To do pro bono work in Virginia or Maryland, you must be a member of that state's bar, however.

Are there activities I can do that do not involve client representation?

Absolutely!  Government attorneys regularly staff the D.C. Bar's Advice and Referral Clinics.  At these clinics, attorneys provide brief advice and referral for clients on a walk-in basis and do not take on the cases.  You can also staff one of the Washington Legal Clinic for the Homeless intake sites, guide clients through divorces at the D.C. Bar's pro se divorce clinic, help clients to fill out tax forms, perform know-your-rights workshops for victims at domestic violence shelters, write wills and powers of attorney for elderly clients, and much more.

What if I have never done any pro bono work before?

It is never too late to start doing pro bono work.  There are lots of resources and support to help you.  First, you can start by going to a training.  The D.C. Bar and other organizations host trainings throughout the year on substantive areas of law that are designed for attorneys who are new to the subject area.  Second, the D.C. Bar and local legal services organizations assign mentors to government attorneys to help you with your work.  Third, probono.net and local legal service providers have terrific manuals, sample forms, and a pleadings bank that you can use.   Many attorneys start by co-counseling their first pro bono case.  And you don't have to start by taking a case -- you can attend the Advice and Referral Clinic, volunteer at an intake site or do a range of other activities.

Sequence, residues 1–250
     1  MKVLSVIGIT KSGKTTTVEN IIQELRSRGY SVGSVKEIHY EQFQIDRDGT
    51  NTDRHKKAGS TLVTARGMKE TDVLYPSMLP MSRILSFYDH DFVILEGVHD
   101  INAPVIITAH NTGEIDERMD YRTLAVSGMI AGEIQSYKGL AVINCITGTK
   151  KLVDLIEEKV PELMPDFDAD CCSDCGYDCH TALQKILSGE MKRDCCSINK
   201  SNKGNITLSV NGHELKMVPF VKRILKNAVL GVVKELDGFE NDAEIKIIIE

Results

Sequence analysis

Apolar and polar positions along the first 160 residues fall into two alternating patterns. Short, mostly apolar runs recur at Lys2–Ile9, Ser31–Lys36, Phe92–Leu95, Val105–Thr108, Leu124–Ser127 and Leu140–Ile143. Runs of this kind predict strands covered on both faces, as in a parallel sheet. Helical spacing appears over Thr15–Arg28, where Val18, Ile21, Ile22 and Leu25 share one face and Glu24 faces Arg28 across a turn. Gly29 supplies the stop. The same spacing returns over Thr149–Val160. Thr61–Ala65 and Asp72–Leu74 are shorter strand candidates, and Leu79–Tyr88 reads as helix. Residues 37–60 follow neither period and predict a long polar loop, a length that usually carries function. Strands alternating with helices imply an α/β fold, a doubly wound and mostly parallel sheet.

Is there a committee which helps government agencies to develop pro bono policies and programs?

Yes.  The Interagency Pro Bono Working Group has been established to assist federal agencies in developing pro bono policies and programs.  The Working Group also organizes events to encourage more government attorneys to participate in pro bono work.  The Working Group is chaired by the Department of Justice Pro Bono Program Manager and includes representatives from both large agencies, such as the Department of Transportation, and smaller agencies, such as the Office of Government Ethics.

How can I get my agency involved?

Call the DOJ Pro Bono Program Manager, Laura Klein, at (202) 353-7529 or e-mail laura.f.klein@usdoj.gov.